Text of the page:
How It Works

I love movies, but I hate most movie reviews. I hate them for two reasons: First, they always begin with a 3-5 paragraph in-depth description of the film. I don't want to know the entire plot, I want to know if it's good! I may say generally what the movie involves but that's it. Second, most movie reviews are unclear. I've read countless reviews that left me with absolutely no indication as to whether or not I should even see the film. Not here. I developed three methods to rate television and movies:

1. Just your average 10 point scale.
10 is obviously the best and 1 is the worst. Although, Something Borrowed might make below a 1 if I ever get around to reviewing it. I consider myself quite harsh, so if you see anything above a 9, it's probably in my top ten of all time.

2. What's it Worth?
I will tell you if I think it's worth paying for and worth the 2 (and ever more increasingly 3) hours of your time. I also make an educated guess as to whether or not you can multitask during the film.

3. The (not-yet) Patented Clairometer
In honor of my college friend Claire, I developed this rating system in order to display how "appropriate" the film is. It is designed to tell you a more detailed rating system. I find this helpful. Sometimes you want to know ahead of time so you're not stuck watching Black Swan in an empty theater with your mom. The range between PG-13 and R is more vast than the plot holes in a Michael Bay movie. I hope to combat this. The scale shows photos and descriptions of a few well-known women in film and television. The rating is the farthest woman to the left of the scale who would approve of the film. For example, June Cleaver would not approve of
Tequila Sunrise. The woman who would is probably Mathilda.

THE CLAIROMETER:

Clairometer

Clairometer

conclusion

With this blog, I write as though someone will read it and enjoy what I have to say. I am under no false pretense that I have a wide readership. It is mostly for me and for the one other person who accidentally stumbled across this blog. If that is you, I'm glad you are here. With this blog, I send my thoughts about what I watch on a black box into the abyss of the world wide web. I hope you enjoy reading these thoughts as much as I enjoy writing them.

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Thursday, October 27, 2016

America, Azkaban, and Unauthorized Affinity

Camp X-Ray (2014)
© IFC Films 2014
Written and Directed by: Peter Sattler
Starring: Kristen Stewart, Peyman Moaadi, Lane Garrison

My Rating: 7.8
Clairometer: Mathilda
Worth: The price to rent, and full attention (although, full attention isn't entirely necessary)

This film touched me. Some will probably loath it, viewing it as anti-American propaganda. Others will love it - for instance, the people who used to protest wearing orange jumpsuits outside the 7th Circuit Courthouse everyday of my law school career. Rational people, no matter their political opinions, will likely agree that Guantanamo Bay presents a major problem. Ethically, we can't keep it open, because it defies what America stands for - habeas corpus among other things. But we can't close it because no states are willing to house the Gitmo occupants in their prisons. This film, although set entirely in a prison in Guantanamo Bay, isn't really about those political issues. Yes, it presents serious concerns about how the prisoners are treated, as well as if they will ever be charged. But the bulk of the film is about a man and a woman learning to view their lives from the other's perspective.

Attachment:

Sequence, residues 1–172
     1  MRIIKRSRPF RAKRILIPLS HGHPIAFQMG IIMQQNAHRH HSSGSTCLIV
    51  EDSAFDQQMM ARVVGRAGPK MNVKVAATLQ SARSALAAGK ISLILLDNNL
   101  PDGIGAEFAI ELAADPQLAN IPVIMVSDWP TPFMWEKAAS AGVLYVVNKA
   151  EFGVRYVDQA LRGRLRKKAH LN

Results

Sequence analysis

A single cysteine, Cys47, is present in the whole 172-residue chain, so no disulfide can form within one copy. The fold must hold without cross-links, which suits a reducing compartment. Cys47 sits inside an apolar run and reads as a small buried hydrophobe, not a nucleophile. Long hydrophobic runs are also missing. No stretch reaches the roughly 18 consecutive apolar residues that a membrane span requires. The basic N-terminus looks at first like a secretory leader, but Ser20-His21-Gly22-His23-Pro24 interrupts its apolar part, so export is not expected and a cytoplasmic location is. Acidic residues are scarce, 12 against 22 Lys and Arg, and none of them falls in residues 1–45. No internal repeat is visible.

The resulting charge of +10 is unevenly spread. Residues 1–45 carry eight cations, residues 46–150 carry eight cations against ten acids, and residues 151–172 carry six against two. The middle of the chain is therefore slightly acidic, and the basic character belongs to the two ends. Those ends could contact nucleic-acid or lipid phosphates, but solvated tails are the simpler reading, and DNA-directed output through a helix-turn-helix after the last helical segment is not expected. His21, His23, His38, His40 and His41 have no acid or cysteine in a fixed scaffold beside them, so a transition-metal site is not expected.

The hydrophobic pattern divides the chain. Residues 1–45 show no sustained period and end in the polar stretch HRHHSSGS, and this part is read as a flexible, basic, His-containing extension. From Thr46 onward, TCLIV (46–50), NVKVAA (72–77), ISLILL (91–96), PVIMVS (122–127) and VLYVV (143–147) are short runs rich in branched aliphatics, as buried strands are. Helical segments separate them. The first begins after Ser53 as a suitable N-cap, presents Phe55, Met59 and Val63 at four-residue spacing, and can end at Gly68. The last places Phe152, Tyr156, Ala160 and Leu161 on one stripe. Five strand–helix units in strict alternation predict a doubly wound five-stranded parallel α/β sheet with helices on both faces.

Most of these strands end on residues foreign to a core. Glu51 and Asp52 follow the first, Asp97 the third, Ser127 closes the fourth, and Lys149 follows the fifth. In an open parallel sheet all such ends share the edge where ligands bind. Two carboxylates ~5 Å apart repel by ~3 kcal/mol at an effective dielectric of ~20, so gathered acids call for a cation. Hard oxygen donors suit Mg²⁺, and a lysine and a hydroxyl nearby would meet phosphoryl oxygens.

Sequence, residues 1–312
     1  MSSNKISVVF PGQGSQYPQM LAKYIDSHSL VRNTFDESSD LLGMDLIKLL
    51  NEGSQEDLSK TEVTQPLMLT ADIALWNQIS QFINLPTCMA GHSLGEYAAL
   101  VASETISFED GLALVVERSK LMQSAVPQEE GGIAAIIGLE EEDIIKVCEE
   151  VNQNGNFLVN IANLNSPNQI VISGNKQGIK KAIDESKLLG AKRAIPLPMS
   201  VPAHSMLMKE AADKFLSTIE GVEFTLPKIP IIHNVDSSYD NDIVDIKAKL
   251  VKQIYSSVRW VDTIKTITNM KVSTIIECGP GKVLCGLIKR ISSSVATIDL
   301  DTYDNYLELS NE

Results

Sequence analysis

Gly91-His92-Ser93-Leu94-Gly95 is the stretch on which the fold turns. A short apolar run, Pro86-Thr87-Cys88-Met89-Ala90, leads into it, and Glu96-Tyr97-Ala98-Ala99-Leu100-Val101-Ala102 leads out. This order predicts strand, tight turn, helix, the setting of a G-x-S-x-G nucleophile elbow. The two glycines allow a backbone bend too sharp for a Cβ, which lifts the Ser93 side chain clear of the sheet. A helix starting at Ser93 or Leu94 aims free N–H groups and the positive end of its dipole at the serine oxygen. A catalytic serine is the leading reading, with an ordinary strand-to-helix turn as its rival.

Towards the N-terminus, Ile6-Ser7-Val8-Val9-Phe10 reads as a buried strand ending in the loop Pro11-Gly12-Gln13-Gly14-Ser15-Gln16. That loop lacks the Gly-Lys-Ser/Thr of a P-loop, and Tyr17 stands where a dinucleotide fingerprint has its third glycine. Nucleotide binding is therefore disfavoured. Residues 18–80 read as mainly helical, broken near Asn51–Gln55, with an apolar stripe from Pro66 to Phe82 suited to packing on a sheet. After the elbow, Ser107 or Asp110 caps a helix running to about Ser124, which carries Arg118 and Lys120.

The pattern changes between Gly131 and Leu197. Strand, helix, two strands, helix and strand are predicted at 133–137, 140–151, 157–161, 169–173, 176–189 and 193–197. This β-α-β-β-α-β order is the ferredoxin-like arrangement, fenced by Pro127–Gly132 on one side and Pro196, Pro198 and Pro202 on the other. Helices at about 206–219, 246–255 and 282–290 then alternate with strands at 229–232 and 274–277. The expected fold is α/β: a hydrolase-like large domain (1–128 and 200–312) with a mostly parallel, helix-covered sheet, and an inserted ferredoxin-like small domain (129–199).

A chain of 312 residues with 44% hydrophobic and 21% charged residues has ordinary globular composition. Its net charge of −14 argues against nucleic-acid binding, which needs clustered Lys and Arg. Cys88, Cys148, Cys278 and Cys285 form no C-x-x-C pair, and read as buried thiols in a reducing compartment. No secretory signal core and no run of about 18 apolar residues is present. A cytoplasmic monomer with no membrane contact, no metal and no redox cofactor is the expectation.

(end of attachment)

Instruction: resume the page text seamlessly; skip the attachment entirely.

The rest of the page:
© BBC Drama Productions 2016
I watched The Night Of and, while i was underwhelmed with the show as a whole, I connected most with Naz's parents. His father, played by Peyman Moaadi, is the Guantanamo prisoner in Camp X-Ray. I mention The Night Of merely to describe his range as an actor. It's really quite incredible. In Camp X-Ray he is raw and rude and full of emotion. In The Night Of, he's so reserved and collected, even in the midst of his family tragedy. I watched both around the same time, so the juxtaposition was fresh in my mind and enthralling to behold.


If you're thinking to yourself, "two hours of Kristen Stewart is a bit much," I say give her a chance. It will take her a while to move past the roll of Bella Swan and past her tabloid history. But she really is great in this. I forgot it was her within the first 10 minutes. Not that my forgetting was necessary for my enjoyment nor is it an indictment of Kristen Stewart. I merely mean to compliment her acting. Kudos Kristen. Major Kudos.

Overall, her emotional connection to Moaadi's character is heartbreaking. They don't say many words to each other, but their souls are poured out through the slots in the door. I spent the last 30 minutes of the film with my chest soaked with tears. While that may not be saying very much, I stand by my love of this film. If you are having a bad day, the kind of day where you hate the world. Watch Camp X-Ray to restore your faith in humanity and the power of human connection.